Islamabad: Prime Minister Imran Khan, conceding his defeat after failing to get "expected" support from the international community over Kashmir issue, has said Kashmir has been made a part of the country after the abrogation of Article-370.

In an exclusive interview to Russia Today that aired on Friday, Khan said: "...India has annexed Kashmir, so it is no longer a disputed territory as far as India is concerned. They have made it a part of India."

Claiming that trade and markets have blocked and prevented the world to react over the Kashmir issue, the Pakistan PM said, he expected the world to react much more than it has, while accusing the Indian government of violating the Simla agreement.
The Pak Prime Minister also vented his frustration by launching attacks against Prime Minister Narendra Modi-led government and RSS.
The Pakistan PM while reiterating the threat of a possible nuclear war between India and Pakistan also said that the consequences of India’s actions will go way beyond its borders and the subcontinent.

“This is now going to become a nuclear hotspot. If it becomes the flashpoint of conflict between India and Pakistan, this will be the first time the two nuclear arm countries come face to face," Khan said.

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When asked whether he is planning to raise the Kashmir issue in United Nations General Assembly, Khan said he would apprise the world and countries about the condition in India.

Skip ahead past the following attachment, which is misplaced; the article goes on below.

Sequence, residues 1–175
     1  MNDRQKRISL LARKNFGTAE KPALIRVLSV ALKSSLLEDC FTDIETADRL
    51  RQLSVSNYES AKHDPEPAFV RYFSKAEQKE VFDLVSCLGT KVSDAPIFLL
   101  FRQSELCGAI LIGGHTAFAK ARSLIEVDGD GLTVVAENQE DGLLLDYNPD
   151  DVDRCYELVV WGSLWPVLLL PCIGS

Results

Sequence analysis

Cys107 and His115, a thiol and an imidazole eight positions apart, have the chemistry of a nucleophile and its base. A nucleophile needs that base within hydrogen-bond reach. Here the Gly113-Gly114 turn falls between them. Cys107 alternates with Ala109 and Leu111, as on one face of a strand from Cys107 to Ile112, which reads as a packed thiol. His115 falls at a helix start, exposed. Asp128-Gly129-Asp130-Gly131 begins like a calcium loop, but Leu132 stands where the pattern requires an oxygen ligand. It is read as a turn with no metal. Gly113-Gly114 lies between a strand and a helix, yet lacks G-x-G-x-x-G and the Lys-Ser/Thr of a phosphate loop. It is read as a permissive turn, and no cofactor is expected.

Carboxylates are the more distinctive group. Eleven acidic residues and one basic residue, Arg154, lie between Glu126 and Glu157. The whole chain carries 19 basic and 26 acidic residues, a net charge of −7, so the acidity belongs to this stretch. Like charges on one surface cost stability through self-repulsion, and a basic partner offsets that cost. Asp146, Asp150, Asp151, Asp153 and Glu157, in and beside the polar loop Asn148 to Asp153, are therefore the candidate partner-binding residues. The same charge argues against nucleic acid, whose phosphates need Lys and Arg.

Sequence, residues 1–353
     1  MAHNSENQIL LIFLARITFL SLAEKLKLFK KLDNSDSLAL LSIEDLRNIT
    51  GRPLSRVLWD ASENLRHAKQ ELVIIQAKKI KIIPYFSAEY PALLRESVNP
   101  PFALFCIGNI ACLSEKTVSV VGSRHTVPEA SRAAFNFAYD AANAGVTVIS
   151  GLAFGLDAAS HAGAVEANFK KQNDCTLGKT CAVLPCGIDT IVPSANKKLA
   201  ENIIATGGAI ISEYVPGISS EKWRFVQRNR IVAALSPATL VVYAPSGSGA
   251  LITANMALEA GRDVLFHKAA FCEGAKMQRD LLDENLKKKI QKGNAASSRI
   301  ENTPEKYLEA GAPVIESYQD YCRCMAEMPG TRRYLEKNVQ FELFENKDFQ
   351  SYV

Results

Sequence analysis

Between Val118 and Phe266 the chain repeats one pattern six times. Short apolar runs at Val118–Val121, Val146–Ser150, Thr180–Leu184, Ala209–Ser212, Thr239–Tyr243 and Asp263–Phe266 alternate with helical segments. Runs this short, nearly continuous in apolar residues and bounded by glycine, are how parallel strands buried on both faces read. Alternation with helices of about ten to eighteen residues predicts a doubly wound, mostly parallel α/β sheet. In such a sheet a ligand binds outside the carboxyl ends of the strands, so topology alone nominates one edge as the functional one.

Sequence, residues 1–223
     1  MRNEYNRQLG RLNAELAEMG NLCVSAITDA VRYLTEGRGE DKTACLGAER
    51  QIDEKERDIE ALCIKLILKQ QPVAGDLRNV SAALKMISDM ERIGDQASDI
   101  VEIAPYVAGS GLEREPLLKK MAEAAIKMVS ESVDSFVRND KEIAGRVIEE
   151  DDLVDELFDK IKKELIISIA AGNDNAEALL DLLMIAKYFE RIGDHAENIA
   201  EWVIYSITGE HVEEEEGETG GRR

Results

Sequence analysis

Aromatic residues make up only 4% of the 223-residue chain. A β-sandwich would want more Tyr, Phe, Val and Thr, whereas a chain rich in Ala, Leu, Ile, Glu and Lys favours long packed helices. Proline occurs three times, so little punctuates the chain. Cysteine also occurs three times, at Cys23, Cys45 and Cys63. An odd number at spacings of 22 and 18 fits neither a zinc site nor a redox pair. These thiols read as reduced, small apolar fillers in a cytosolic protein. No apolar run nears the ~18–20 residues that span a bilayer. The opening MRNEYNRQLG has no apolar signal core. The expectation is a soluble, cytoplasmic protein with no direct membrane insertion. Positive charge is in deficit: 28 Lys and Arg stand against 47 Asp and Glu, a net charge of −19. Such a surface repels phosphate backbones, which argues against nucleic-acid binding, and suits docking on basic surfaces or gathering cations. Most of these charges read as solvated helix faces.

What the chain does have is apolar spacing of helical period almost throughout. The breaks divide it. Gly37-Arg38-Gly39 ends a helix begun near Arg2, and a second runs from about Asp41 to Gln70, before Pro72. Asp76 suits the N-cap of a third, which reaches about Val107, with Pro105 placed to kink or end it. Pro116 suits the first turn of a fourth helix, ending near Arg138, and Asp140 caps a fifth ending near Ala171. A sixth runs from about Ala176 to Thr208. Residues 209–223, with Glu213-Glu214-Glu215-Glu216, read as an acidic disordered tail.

Pakistan interior minister Brig Ijaz Ahmed Shah, who blamed Pakistan "ruling elite" including Khan for "destroying" the image of the country, a few days ago, had made similar remarks that Islamabad has failed to get support from the international community over its stand on Kashmir issue.

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A day earlier, Pakistan Foreign Minister Shah Mahmood Qureshi, during a UNHRC session in Geneva, accused India of transforming Jammu and Kashmir into the largest "caged prison in this planet" after the abrogation of Article 370.

India rejected Qureshi's allegations and hit back saying a "fabricated narrative" on Jammu and Kashmir has come from "the epicentre of global terrorism" and from a nation, which conducts cross-border terrorism as a form of 'alternate diplomacy'.
Pakistan has found itself isolated after being snubbed at the United Nations, as well as by countries like the United States, France, and Russia and has been left red-faced after its desperate attempts to internationalise the Kashmir issue fell flat. 
Though Pakistan has been trying to internationalise the issue, India's decision has been hailed internationally with several countries calling the move as India's internal matter.

Pakistan has approached various world leaders, including Abu Dhabi Crown Prince Mohammed bin Zayed Al Nahyan, Saudi Arabia's Crown Prince Mohammed Bin Salman, French President Emmanuel Macron and the Jordanian King Abdullah II to seek their interventions into the issue, but in vain.
However, Pakistan has been told to engage bilaterally with India to end tensions. 
India has repeatedly made it clear that talks with Pakistan are only possible after Islamabad stops sponsoring terror.

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